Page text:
In this article, we'll talk about the accompaniment style called bass in 2. After I explain what it is, I'll show you where you can use it, and finally how it will bring vitality to your piano playing.
Before we get started, I wanted to share a surprising fact with you: Of all the students I have taught over many years, only TWO of them were able to truly understand bass in 2 from another musical experience. That musical experience was ballroom dancing. If this genre is unfamiliar to you, check out the movie Shall We Dance with Richard Gere and Jennifer Lopez or the TV show Dancing with the Stars.
Playing for Dancers at the Embassy Club in Dobbs Ferry, NY
As I've mentioned on a few occasions, my professional performing career began when I was in high school. I was a member of a quartet that played standards from the Great American Songbook for adults (we thought they were old, but they were only in their 40s & 50s). These folks LOVED to dance. One of the most important things I had to learn was how to segue between songs including modulating to other keys. I talked about these musical techniques in my blog article How to Make a Medley of Songs on the Piano. Although we called these groups of songs "sets" and modern folks call them "mash-ups", they are really "medleys" (NOT melodies).
What is the Connection between the Bass in 2 and the Fox Trot?
Now that you have a basic understanding of what ballroom dancing is, and what medleys are, it's time to identify the ONE type of dance step that relates to the bass in 2. This type of step is one of the important of all the ballroom dances, since it's so commonly used by couples This dance is called the Fox Trot.
Growing up, I listened to a lot of recordings by jazz pianist Oscar Peterson. More than a few of his selections started with a rubato introduction followed by a statement of the melody in which his bassist extraordinaire, Ray Brown masterfully played his bass in 2 accompaniment to the piano. So between my performing and my listening, young as I was, I immediately was able to make the connection between the Fox Trot and the Bass in 2. Little did I know back then, that I would still be teaching my piano students all about this more than 50 years later.
How Two of My Adult Students Surprised Me When I Mentioned the Fox Trot
As you might have expected, year in and year out, I have continued to teach me students about the bass in 2 using the combination of Ray Brown's bass playing and the Fox Trot. This often takes a bit of time, but my students eventually "get it". However, it is often a bit foreign to them, because BOTH of my examples come from older musical genres. So you can imagine my surprise when one of my long-time adult students (now in his 70s) told me about his ballroom dancing experience. When I mentioned the Fox Trot, it instantly gave him an understanding of what I meant by the bass in 2 accompaniment. This student is not only well versed in Ballroom dancing, but knows many many standards that I remember my mother sang, so his connection with the fox trot made perfect sense.
A few years later, I brought up bass in 2 to another student and casually mentioned the fox trot. This time, I was caught completely by surprise. He, being younger that my other student (and me too), told me that he met his wife when he started taking ballroom dancing lessons. So his instant understanding of how to play bass in 2 was a true joy to behold.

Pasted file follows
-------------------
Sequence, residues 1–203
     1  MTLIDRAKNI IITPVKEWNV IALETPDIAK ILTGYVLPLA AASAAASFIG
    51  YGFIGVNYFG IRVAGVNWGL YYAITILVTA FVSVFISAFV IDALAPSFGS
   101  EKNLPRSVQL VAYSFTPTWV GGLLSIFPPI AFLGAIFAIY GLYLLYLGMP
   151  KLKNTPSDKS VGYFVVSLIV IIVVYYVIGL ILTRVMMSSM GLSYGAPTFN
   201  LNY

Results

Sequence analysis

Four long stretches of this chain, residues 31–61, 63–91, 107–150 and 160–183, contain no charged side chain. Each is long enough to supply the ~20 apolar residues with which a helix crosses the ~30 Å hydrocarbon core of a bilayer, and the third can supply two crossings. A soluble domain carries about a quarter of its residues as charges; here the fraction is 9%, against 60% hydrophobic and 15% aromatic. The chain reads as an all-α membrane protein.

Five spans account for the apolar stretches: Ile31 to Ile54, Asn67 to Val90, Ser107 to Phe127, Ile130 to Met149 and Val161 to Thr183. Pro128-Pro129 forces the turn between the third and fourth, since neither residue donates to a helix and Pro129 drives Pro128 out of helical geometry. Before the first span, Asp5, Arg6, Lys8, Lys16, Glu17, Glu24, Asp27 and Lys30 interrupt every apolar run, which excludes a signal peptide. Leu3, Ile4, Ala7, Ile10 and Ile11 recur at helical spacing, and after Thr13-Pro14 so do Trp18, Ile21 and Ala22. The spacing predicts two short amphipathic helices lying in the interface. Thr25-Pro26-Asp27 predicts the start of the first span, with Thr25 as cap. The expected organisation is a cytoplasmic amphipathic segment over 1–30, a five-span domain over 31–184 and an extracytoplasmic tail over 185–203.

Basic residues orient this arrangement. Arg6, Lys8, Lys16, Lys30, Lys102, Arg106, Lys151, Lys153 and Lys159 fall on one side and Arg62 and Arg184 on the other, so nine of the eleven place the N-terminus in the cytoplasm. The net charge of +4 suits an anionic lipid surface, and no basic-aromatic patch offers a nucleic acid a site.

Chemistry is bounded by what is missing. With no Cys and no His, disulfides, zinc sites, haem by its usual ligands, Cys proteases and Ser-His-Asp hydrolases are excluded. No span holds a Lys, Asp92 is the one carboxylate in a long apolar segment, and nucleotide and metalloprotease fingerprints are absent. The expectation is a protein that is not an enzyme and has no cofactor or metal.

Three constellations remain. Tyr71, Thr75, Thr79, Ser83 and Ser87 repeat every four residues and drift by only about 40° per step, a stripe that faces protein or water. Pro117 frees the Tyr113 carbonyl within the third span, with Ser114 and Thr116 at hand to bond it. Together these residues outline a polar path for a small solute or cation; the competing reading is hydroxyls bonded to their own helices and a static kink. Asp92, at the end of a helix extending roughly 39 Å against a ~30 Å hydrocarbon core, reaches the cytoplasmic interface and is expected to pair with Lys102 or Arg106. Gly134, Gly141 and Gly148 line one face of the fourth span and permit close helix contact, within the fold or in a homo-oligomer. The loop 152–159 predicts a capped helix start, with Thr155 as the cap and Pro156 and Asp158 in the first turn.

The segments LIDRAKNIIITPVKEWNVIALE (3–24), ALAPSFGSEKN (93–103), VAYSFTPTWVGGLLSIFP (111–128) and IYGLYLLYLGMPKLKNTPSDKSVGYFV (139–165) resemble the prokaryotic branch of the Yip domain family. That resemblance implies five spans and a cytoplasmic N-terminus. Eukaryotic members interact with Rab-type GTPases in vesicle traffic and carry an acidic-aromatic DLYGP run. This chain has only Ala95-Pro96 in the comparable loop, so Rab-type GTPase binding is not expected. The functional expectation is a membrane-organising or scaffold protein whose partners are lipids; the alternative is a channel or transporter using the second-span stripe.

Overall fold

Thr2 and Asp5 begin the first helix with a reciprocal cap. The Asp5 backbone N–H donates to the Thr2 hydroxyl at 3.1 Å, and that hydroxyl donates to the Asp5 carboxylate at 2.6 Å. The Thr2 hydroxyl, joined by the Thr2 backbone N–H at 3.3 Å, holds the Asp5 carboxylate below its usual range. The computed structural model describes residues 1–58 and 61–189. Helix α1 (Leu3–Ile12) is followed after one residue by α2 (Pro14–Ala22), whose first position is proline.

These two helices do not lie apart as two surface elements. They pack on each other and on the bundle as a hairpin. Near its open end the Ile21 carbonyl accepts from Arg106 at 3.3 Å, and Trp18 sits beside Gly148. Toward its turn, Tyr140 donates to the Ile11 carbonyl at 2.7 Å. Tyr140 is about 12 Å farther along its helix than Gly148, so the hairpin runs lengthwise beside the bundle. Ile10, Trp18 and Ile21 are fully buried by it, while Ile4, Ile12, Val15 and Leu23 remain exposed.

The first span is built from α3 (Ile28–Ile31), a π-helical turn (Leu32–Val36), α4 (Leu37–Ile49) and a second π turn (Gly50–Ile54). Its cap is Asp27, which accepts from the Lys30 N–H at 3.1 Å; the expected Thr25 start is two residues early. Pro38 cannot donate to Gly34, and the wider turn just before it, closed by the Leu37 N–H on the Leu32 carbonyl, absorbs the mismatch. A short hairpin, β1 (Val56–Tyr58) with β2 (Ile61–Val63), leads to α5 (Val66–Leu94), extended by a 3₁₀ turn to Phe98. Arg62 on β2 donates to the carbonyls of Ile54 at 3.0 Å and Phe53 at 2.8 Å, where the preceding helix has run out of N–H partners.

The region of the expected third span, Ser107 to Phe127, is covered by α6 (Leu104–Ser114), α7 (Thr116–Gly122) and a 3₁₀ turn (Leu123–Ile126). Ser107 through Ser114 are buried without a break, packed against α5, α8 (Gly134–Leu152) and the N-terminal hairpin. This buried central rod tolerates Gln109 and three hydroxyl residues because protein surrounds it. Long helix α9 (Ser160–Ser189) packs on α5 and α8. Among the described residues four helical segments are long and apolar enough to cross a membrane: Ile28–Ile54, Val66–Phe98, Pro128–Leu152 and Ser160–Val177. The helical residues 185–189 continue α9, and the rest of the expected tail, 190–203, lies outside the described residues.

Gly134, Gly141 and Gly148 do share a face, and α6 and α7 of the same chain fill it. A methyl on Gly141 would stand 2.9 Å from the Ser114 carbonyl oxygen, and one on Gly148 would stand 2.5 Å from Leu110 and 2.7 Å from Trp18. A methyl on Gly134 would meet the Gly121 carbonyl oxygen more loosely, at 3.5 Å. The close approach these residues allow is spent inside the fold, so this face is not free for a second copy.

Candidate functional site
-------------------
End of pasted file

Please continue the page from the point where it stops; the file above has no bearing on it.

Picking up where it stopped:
What Is the Bass in 2 Accompaniment and How Does It Work?
The simplest way to explain it starts with 2 half notes in a measure. Whereas walking bass uses 4 quarter notes in a measure. If the bass was composed of 2 half notes alone, it would be rather dull. So the key to creating a successful bass in 2 accompaniment, is playing a dotted quarter note (root of the chord) followed by an 8th note followed by a dotted quarter note (root or 5th of the chord) followed by another 8th note. If you look at my arrangement of Let's Fall in Love you'll see the how straight forward the rhythm is. Over time, you can add more passing notes and play with syncopation a bit and really make your bass in 2 energize your left hand accompaniment playing.
Taking a Different Approach-Using Bass in 2 & Walking Bass with
the Duke Ellington Classic Satin Doll
One of the best examples of playing the "bass in two" accompaniment is with the standard Satin Doll. This video comes from my recent performance at Heritage Village's monthly Musicale directed, organized and narrated by a wonderful and extremely versatile vocalist named Helen Falcone. This video was filmed by Ed Edelson who runs Focus Video Productions. Thank you to Helen and Ed for help in making this video possible.
Diana Mascari Plays Her Arrangement of Satin Doll
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Diana Mascari has taught piano to hundreds of adults and children for more than 40 years. She holds two Masters of Music degrees from New England Conservatory and taught keyboard harmony to music majors while pursuing doctoral studies at Boston University. Her work as music director for a multi-cultural Presbyterian Church has continued for four decades, and her jazz and classical compositions have been performed worldwide. Diana has been performing for more than 50 years. From solo jazz piano (her first love) to commercial groups touring the East Coast to leading her own jazz ensembles at many colleges and jazz clubs throughout New England. For questions or comments, please get in touch with me